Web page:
and the rest of the cell-phone mafia might as well rechristen the end of the spring as smartphone season. In the past few weeks, the new KIN ONE from
new iPhone 4 (made by Apple, of course) and
EVO all splashed into the cell-phone market with gusto. And last week, Motorola took its turn on the smartphone high dive and dropped its new Droid X ($199/plan).
I've been testing the unit over the past week or so and had several briefings from company execs. And though the Droid X is nowhere near the ultimate small-business tool -- more on that in a second -- the unit offers real business value in the suddenly crowded uber-phone market.
And just like that, Motorola's fortunes on the cell-phone high seas have suddenly improved.
What you get:
The Droid X, within limits, is one serious mobile productivity tool for the small business.
For sure, Motorola, Verizon and Google deserve credit for not only addressing the shortcomings of early Android phones like the myTouch and the HTC Hero, but stuffing this unit with oodles of business-friendly features. The rippin'-fast 1 GHz processor does away with much of Android's legendary multitasking sluggishness. At least in early testing, I could email, navigate, check my calendar and still make a phone call. I know, shocker.
Business types should also approve of the swanky new easier-to-use touch keyboard, the high-quality 8 MP camera, the 720P camcorder and 16 GB of storage. The Skype app (from
) is an effective international calling solution. And the
app promised many hours of in-flight distraction. But most importantly, the battery life, at least in my initial tests, seemed a step beefier than earlier Droids. Say, six hours for average use. Overall, the Droid X is a full step more refined, powerful and useful than previous Android phones.
Clearly Motorola has a new cell phone player on its hands.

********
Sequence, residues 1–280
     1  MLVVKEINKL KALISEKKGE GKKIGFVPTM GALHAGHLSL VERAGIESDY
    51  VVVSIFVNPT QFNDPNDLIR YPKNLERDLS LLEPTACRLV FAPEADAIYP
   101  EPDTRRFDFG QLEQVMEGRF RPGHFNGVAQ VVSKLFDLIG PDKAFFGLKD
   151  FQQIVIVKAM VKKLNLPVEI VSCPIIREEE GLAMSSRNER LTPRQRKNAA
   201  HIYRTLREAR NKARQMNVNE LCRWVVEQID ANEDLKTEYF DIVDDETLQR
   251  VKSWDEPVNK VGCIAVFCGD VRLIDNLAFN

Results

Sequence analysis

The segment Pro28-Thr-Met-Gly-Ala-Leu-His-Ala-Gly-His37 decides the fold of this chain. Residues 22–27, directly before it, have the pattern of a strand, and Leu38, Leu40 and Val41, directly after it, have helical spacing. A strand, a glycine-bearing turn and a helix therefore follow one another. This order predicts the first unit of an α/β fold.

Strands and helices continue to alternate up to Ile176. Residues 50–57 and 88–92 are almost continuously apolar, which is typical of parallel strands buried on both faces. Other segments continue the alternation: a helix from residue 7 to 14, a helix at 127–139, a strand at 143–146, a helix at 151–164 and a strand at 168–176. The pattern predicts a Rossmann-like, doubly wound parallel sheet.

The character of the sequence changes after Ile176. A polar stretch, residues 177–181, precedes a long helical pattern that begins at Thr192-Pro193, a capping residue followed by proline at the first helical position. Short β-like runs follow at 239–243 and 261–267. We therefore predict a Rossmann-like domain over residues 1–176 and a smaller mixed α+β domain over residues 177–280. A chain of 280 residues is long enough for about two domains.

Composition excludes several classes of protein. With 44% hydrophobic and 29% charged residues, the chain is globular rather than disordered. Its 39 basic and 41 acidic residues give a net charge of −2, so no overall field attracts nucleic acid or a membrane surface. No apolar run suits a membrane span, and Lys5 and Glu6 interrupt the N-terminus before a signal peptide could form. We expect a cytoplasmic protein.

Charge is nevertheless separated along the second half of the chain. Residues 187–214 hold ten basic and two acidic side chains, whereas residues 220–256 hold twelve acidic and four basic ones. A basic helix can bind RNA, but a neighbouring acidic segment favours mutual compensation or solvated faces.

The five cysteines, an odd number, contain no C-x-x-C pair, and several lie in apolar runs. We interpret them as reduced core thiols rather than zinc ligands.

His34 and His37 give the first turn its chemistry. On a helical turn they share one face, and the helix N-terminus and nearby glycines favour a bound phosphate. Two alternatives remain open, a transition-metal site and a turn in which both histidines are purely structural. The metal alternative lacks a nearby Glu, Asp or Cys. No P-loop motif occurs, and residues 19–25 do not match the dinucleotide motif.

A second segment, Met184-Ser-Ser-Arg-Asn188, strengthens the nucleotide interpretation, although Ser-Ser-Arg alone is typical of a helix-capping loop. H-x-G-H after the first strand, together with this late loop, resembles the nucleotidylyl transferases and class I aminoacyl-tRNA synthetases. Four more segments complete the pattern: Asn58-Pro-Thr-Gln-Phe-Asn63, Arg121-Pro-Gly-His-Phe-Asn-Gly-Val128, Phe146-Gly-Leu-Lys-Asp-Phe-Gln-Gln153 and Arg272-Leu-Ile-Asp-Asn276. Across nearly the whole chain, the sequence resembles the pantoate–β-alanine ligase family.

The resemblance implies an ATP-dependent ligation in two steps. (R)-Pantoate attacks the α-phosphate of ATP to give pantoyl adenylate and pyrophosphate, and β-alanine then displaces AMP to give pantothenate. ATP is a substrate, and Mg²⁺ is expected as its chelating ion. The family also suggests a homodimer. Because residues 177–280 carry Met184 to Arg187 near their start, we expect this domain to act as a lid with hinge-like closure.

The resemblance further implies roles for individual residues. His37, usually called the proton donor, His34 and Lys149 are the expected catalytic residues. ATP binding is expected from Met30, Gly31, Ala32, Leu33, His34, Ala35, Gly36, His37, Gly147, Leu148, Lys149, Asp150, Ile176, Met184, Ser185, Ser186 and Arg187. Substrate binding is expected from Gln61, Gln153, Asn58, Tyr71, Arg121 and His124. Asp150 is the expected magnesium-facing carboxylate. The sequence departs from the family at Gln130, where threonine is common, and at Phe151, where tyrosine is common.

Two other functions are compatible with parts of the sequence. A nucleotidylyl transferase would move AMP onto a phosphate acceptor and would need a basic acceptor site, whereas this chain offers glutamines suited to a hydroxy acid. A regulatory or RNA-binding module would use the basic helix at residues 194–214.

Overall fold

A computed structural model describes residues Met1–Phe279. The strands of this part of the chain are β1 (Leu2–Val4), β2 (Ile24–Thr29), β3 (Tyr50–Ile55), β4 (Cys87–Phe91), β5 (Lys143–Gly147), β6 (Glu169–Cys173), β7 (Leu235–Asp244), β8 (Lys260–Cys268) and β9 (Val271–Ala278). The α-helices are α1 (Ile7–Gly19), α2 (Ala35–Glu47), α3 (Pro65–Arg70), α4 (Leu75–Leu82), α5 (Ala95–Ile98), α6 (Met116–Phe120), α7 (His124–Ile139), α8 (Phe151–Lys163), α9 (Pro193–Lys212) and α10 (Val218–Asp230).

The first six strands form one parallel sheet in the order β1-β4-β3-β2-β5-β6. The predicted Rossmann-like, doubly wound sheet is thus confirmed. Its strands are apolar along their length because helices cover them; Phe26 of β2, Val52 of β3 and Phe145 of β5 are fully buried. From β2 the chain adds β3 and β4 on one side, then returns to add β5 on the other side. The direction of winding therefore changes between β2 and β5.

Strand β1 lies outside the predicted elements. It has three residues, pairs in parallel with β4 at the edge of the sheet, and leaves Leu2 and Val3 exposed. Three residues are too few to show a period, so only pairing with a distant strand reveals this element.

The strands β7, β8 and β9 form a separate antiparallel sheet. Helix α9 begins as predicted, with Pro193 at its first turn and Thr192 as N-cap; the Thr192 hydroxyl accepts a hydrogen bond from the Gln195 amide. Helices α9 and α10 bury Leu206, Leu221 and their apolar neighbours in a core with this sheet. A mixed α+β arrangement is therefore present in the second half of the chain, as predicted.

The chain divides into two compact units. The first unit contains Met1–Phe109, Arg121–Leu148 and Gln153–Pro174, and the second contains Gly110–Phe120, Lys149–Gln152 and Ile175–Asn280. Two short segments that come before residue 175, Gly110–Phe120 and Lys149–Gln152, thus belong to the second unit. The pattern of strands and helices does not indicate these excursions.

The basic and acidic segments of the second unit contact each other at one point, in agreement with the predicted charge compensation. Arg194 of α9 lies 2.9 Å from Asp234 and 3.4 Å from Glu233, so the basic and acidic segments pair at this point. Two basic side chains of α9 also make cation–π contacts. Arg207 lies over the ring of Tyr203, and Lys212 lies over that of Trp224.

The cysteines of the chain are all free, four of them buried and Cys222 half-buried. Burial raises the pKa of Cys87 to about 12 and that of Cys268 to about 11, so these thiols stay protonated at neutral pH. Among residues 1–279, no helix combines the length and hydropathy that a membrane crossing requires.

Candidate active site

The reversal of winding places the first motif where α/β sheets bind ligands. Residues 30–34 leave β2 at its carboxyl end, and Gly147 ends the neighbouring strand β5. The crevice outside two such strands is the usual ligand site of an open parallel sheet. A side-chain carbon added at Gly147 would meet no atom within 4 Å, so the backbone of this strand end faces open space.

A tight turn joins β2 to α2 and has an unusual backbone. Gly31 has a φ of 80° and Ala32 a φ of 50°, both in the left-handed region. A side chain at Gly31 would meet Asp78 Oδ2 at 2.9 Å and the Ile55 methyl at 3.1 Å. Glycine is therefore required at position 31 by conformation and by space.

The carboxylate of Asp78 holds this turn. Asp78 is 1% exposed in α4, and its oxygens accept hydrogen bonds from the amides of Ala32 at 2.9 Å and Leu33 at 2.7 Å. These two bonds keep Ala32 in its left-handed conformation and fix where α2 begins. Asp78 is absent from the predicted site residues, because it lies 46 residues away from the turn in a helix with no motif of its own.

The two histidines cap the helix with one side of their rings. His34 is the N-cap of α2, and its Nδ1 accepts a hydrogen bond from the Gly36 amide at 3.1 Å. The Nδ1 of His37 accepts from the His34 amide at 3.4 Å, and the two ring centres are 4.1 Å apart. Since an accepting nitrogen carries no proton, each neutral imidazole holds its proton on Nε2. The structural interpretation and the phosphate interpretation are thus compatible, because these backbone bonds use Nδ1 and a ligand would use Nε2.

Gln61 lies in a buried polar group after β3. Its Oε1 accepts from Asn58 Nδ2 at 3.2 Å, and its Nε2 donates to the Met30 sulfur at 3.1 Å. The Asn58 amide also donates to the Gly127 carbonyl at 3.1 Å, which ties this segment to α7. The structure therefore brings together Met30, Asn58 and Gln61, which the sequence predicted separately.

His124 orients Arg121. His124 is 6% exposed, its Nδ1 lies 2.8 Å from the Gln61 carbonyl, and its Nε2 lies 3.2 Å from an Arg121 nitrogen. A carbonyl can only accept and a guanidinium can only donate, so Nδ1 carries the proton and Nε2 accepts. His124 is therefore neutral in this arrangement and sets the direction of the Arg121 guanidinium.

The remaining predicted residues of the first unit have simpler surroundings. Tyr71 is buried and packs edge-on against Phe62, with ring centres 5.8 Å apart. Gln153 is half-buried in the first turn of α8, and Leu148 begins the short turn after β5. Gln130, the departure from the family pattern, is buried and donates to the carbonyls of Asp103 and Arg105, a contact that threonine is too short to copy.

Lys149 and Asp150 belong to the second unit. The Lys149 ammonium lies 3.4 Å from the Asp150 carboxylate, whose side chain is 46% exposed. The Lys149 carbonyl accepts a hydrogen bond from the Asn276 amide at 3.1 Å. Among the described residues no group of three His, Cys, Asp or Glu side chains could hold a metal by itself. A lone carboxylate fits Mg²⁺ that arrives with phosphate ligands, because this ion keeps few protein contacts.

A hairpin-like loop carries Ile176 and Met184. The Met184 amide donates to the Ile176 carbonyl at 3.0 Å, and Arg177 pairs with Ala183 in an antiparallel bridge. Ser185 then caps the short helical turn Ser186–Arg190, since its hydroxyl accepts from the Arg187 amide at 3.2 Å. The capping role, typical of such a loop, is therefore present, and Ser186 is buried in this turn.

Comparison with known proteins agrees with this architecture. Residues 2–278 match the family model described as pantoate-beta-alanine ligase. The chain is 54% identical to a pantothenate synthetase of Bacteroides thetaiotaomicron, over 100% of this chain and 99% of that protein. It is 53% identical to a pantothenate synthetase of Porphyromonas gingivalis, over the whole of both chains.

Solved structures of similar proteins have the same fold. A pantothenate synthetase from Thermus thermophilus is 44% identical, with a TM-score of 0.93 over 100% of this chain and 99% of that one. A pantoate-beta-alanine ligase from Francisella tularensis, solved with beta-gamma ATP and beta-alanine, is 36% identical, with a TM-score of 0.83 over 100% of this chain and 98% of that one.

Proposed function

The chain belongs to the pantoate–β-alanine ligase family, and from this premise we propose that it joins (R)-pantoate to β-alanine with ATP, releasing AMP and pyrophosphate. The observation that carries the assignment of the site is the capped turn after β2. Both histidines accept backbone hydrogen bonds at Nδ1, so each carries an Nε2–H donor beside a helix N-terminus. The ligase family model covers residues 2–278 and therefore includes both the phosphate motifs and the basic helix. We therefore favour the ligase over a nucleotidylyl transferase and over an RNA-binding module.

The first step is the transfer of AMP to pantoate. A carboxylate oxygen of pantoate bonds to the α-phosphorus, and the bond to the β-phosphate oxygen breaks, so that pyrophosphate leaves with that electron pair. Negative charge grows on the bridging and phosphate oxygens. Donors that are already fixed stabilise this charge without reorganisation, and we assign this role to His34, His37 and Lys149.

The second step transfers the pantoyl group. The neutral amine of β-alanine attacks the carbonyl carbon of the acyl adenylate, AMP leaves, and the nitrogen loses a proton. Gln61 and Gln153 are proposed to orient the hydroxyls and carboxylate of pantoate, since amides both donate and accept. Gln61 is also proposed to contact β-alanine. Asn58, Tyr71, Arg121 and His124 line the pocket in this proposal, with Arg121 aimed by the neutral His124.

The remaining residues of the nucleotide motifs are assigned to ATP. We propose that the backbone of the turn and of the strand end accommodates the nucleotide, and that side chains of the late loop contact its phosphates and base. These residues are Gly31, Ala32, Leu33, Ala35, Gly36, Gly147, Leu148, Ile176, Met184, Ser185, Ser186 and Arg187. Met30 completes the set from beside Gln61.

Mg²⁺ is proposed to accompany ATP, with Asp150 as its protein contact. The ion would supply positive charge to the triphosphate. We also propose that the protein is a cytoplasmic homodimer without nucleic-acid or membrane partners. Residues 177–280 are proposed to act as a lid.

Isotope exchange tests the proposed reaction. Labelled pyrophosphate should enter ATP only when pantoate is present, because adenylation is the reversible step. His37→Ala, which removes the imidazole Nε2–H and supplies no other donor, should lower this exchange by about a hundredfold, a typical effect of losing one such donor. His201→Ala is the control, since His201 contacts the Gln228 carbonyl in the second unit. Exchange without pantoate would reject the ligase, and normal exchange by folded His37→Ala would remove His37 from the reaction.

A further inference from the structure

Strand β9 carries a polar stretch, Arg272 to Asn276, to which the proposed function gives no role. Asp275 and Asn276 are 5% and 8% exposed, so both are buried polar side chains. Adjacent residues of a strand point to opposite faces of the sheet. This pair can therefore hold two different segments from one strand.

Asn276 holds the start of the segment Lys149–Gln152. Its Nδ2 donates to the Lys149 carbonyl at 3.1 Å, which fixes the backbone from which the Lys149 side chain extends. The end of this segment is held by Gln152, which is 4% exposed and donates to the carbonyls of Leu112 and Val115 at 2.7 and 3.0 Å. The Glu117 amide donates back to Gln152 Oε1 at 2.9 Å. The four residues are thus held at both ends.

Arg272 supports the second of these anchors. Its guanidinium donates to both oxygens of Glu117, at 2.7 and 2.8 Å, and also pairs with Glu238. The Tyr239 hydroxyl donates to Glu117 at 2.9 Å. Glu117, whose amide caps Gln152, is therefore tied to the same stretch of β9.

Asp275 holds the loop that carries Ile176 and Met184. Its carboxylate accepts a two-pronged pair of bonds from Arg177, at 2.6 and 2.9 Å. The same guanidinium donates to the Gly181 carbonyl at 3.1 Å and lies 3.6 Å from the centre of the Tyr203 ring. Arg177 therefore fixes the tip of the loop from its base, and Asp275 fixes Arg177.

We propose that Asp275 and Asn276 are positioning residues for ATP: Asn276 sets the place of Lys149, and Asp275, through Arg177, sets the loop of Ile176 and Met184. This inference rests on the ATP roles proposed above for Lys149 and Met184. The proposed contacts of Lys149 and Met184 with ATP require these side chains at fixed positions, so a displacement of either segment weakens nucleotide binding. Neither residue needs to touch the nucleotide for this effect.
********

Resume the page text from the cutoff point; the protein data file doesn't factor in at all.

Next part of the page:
More on Smartphones Whatever Happened to Nokia?
What you don't get:
For all the Droid's upside, this is still nowhere near the ultimate mobile business tool.
For starters, the Droid X has no keyboard. Not only does that do away with the uniqueness of the previous Motorola Droid model, it puts business users back in the dumb position of having to choose between app-friendly, touch-enabled devices like the iPhone or Droid and more data-entry friendly tools like the BlackBerry from
Research in Motion
And then there's the 800-pound networking gorilla in the room: The Droid works only in the U.S. -- how silly is that? This is a
phone. Remember, Verizon is rolling out its 4G networks later this year, so strictly speaking, assuming a two-year contract, you are buying a legacy device.
And how sucky is that?
In terms of performance, style and applications, Motorola has elbowed into the front ranks of uber-phones like the iPhone and the EVO with the Droid X. Verizon has also smartly priced the unit: Unlimited data is a reasonable $30 a month above the probable $70 a month you will pay for flat-rate voice and text.
And while I mourn the loss of the keyboard and wonder about finessing the 3G/4G networking transition, the Droid X is a legit small-business tool. You heard it here first, the word of Motorola's demise as a cell-phone power have been grossly exaggerated.
-- Written by Jonathan Blum in New York
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Jonathan Blum is an independent technology writer and analyst living in Westchester, N.Y. He has written for The Associated Press and Popular Science and appeared on FoxNews and The WB.